Facebook has announced the start of its independent Oversight Board on content moderation decisions.
The social media giant said users could go through this system once they had “exhausted the company’s appeal process”.
The Board has the ability to overrule Facebook’s verdict on matters and can also be referred to by the social network itself on significant and difficult cases.
“Today we’re announcing an important milestone in the progress of the Oversight Board,” the independent body said. “From today, if your content is removed from Facebook or Instagram and you have exhausted the company’s appeal process, you can challenge this decision by appealing to the Oversight Board.
“Similarly, Facebook can now refer cases for a decision about whether content should remain up or come down. In the coming months you will also be able to appeal to the Board about content you want Facebook to remove.
“All decisions on cases taken by the Oversight Board will be binding on the company.”
The Board says it expects to decide on each case, and for Facebook to have acted on their decision, “within a maximum of 90 days”.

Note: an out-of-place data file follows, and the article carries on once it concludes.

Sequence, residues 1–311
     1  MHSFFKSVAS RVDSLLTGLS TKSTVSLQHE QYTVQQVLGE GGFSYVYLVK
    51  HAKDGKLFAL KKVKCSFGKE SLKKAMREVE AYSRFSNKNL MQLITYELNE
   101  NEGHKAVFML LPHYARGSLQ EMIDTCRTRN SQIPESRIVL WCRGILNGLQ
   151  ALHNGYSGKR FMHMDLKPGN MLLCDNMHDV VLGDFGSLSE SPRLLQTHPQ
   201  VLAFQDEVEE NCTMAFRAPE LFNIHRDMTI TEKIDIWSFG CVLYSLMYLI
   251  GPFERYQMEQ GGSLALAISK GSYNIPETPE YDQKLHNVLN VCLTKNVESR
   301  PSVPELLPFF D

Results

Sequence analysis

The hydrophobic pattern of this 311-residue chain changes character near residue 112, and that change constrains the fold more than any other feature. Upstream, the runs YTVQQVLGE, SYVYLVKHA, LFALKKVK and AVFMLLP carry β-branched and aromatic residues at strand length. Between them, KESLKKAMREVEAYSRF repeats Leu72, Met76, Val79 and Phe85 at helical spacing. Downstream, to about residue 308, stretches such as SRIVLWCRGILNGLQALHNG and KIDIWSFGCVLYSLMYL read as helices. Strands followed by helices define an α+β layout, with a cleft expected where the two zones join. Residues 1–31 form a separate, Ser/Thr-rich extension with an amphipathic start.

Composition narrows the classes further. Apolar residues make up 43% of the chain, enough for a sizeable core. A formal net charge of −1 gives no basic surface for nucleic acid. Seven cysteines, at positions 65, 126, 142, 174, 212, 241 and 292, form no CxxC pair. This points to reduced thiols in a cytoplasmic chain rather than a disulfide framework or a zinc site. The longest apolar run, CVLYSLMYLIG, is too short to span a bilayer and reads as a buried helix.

Facebook confirmed the members of the inaugural Oversight Board in May this year. Alan Rusbridger, former editor-in-chief of the Guardian, is among the 20 board members, alongside former Danish Prime Minister Helle Thorning-Schmidt; Catalina Botero Marino, a former special rapporteur for freedom of expression at the InterAmerican Commission on Human Rights; Columbia Law School academic Jamal Greene, and Stanford Law School academic Michael McConnell.
However, it became clear by September that the delay in getting the Board up and running would mean that it would launch too late to oversee issues arising from the contentious US election and attendant aggressive political campaigning.